The Trench Movie Analysis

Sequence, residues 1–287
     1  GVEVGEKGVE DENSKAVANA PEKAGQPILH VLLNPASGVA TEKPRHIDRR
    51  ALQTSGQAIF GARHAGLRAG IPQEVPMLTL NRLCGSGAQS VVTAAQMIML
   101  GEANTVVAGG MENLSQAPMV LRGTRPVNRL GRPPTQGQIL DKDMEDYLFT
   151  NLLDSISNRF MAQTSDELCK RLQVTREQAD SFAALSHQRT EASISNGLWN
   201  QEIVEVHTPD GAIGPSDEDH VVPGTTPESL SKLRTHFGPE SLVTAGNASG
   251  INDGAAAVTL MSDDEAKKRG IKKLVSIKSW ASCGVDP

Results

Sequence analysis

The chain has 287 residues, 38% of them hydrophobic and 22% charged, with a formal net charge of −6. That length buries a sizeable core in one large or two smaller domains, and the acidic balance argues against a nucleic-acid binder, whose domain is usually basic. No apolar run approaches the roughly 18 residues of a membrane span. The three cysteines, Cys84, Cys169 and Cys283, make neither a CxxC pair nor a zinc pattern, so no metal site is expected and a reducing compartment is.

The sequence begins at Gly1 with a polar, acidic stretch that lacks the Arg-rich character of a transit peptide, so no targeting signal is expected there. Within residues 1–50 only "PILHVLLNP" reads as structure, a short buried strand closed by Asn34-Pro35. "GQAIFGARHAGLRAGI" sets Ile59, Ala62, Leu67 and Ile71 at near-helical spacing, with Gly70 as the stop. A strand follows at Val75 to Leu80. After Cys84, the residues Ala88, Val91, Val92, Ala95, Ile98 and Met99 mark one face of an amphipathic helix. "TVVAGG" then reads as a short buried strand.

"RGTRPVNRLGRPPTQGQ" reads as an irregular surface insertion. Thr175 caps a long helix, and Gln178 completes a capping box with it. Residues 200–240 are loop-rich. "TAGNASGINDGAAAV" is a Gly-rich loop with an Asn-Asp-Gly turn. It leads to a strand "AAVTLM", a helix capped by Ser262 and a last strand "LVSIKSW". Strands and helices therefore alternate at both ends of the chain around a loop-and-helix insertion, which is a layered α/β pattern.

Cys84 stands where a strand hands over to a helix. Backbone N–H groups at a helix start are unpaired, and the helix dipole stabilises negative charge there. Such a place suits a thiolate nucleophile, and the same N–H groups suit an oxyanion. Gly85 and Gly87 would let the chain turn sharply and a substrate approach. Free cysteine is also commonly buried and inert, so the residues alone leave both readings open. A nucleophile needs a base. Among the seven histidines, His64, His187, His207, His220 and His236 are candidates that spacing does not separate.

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The Trench is a color, British, 98 minute drama film that was released in 1999, produced by Steven Clark Hall, written and directed by William Boyd and distributed by Somme Productions. According to Nicholas J. Cull, University of Leicester: “In 1916, a British filmmaker named Geoffrey Mallins made and released a one-hour film of life in the British trenches entitled The Battle of the Somme. It captured the imagination of the British public at the time with a host of memorable images, the most enduringly famous of which—the back view of a line of British soldiers advancing through barbed wire and into mist. Of all the filmic interpretations of World War I, it is Mallins's film which is most closely referenced in William Boyd's account of life in a British trench in the days leading up to that battle.” , there is clear evidence that William Boyd’s movie is based on the real documentary that inspired him to make a color, available to the mass view movie that illustrates solder’s life in trenches. The Trench is a story about a group of young British soldiers on the eve of the Battle of the Somme in the summer of 1916, the last 48 hours that took place in Northern France where the British Army was getting ready for the biggest offence of the First World War. As hundreds of thousands of troops massed in the rear waiting for the order to attack, a reduced force was put in place to hold the front line trenches. The main movie intention is to portrait the solder’s life in the trenches during the First World War. This document will discuss in the detail the soldiers' experience in the trenches as a mixture of humiliation, horror, fear, and boredom, confined to a trench on the front lines as well as the brutality of the battle on its first day, high losses and achievements upon the end. As indicated above, the main purpose of the movie was to illustrate the solders life in the trenches during the First World War and give a chance to a viewer to see and realize different aspects of such life, observe solder’s experiences and emotions during the bloody years of war. The British army of 1916 was a new one, made up in large part from volunteers who had responded to the appeal for men of Lord Kitchener, Secretary of State for War; and many of the formations that suffered the worst casualties were the so-called 'pals battalions', made up of groups of friends and colleagues from particular towns or even workplaces, who had volunteered together and they have often been illustrated as victims during the First World War, that were brought on the war front to protect their country, but who were very shortly killed in the result of the battle: brave and idealistic young men killed needlessly by butchers and bunglers in high command. Why did they volunteer? Those young soldiers left their families and their loved ones, some of them were not even mature enough to sign up for the army, but because their friends, parents, or brothers participated, they decided to volunteer as well. In the movie, one of the main characters is 18 year old Billy MacFarlane (Paul Nicholls), who alongside his older brother who was mature, Eddie (Tam Williams) has volunteered for service. Like their fellow squad members, they are boys dressed as men because they wanted to contribute and stay close to each other during the war. Also, referring to Gerard J. DeGroot and his article “The Soldier’s War” in the First World War, there are a lot of other reasons why soldiers decided to leave their homes and join the army without any guarantees to survive at the end. Some of them came from a life of few opportunities, in which sudden and premature death was relatively common. Men used to a life of poverty and drudgery did not find the Spartan conditions and invidious discipline of the military camp all that unfamiliar and even such things as proper clothing, meals and a chance to see some other places and meet new people were attractive to them and were the key...
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